The 22 were acquitted of actually stopping the train, after evidence that no one knew which of them had donned fake railwaymen's uniforms and used red flags to bring it to a halt. The ambush stopped the train right on a bridge over the river Aire, whose girders gave protesters the means to clamber up and use 15 shovels to start unloading coal.

Passenger and freight services in the area were disrupted for two days, but Drax generated power normally throughout.

Those convicted were: Theo Bard, 24, Amy Clancy, 24, Brian Farelly, 32, Grainne Gannon, 26, Bryn Hoskins, 24, Jasmin Karalis, 25, Ellen Potts, 33, Bertie Russell, 24, Alison Stratford,26, Jonathan Stevenson, 27 and Felix Wight, all of London, Melanie Evans,25, Matthew Fawcette, 34, Robin Gillett, 23, Kristina Jones 22, Oliver Rodker, 40 and Thomas Spencer,23, all of Manchester, Paul Chatterton, 36, and Louise Hemmerman, 31, of Leeds, Melanie Evans, 25, of Stockport, Paul Morozzo, 42, of Hebden Bridge, Christopher Ward, 38, of Newport Pagnell and Elizabeth Whelan of Glasgow.

The five who pleaded guilty earlier were: Theo Brown, 22 and Clemmie James, 24, of London, Malcolm Carroll, 53, of Stafford, Thomas Johnstone, 25, of Liverpool and Paul Mellett, 29, of Colerne, Wiltshire. The two have indicated they will plead guilty when well are Caroline Williams, 25, of London and Sam Martingell, 24, of Leeds.

Great Lakes wolves returning to endangered list

From: AP via MSNBC

The federal government on Monday agreed to put gray wolves

in the western Great Lakes region back on the endangered species list — at least temporarily.

The decision came less than two months after the U.S. Fish and Wildlife Service discontinued federal protection for about 4,000 wolves in Michigan, Minnesota and Wisconsin. The agency acknowledged Monday that it erred by not holding a legally required public comment period before taking action.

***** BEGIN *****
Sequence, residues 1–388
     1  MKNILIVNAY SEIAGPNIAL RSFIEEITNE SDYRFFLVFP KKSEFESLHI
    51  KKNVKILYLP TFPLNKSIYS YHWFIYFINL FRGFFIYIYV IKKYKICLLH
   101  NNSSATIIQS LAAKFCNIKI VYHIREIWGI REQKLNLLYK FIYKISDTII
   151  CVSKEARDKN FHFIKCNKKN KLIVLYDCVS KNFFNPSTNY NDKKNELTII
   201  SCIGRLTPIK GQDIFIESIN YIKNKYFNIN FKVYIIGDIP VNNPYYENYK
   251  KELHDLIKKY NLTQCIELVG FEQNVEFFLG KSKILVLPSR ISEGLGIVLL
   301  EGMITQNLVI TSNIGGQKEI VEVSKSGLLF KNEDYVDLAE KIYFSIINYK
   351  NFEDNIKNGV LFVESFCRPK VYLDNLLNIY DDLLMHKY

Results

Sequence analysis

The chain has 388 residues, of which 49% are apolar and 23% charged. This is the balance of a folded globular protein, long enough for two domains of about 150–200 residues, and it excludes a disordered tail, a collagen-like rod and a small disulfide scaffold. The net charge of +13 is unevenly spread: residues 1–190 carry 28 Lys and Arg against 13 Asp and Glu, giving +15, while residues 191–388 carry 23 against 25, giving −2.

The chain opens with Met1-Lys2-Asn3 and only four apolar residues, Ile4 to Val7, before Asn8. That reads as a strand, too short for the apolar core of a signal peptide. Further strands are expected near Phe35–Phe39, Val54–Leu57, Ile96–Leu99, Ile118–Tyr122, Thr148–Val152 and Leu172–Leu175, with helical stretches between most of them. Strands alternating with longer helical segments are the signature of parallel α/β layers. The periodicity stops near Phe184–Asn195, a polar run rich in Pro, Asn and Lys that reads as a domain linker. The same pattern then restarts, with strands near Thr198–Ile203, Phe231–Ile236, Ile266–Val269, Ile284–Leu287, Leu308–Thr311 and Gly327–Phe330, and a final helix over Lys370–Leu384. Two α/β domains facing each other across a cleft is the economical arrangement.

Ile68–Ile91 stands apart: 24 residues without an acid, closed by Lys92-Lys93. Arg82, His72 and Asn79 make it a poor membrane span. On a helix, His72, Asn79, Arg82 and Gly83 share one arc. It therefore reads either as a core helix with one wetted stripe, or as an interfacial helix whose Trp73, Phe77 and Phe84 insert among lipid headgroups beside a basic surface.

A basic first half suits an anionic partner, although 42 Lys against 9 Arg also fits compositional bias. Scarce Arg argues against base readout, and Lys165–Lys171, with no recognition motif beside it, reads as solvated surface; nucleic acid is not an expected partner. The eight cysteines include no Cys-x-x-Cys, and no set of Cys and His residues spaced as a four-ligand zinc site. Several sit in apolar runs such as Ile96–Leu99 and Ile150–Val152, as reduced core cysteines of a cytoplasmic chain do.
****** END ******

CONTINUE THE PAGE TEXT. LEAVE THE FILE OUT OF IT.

Under a settlement with five environmental and animal protection groups that had sued the agency earlier this month, the Fish and Wildlife Service said it would return Great Lakes wolves to the list while considering its next move.

Sea Ice At Lowest Level In 800 Years Near Greenland

New research, which reconstructs the extent of ice in the sea between Greenland and Svalbard from the 13th century to the present indicates that there has never been so little sea ice as there is now. The research results from the Niels Bohr Institute, among others, are published in the scientific journal, Climate Dynamics.There are of course neither satellite images nor instrumental records of the climate all the way back to the 13th century, but nature has its own 'archive' of the climate in both ice cores and the annual growth rings of trees and we humans have made records of a great many things over the years - such as observations in the log books of ships and in harbour records. Piece all of the information together and you get a picture of how much sea ice there has been throughout time.

"We have combined information about the climate found in ice cores from an ice cap on Svalbard and from the annual growth rings of trees in Finland and this gave us a curve of the past climate" explains Aslak Grinsted, geophysicist with the Centre for Ice and Climate at the Niels Bohr Institute at the University of Copenhagen.

In order to determine how much sea ice there has been, the researchers needed to turn to data from the logbooks of ships, which whalers and fisherman kept of their expeditions to the boundary of the sea ice. The ship logbooks are very precise and go all the way back to the 16th century. They relate at which geographical position the ice was found. Another source of information about the ice are records from harbours in Iceland, where the severity of the winters

have been recorded since the end of the 18th century.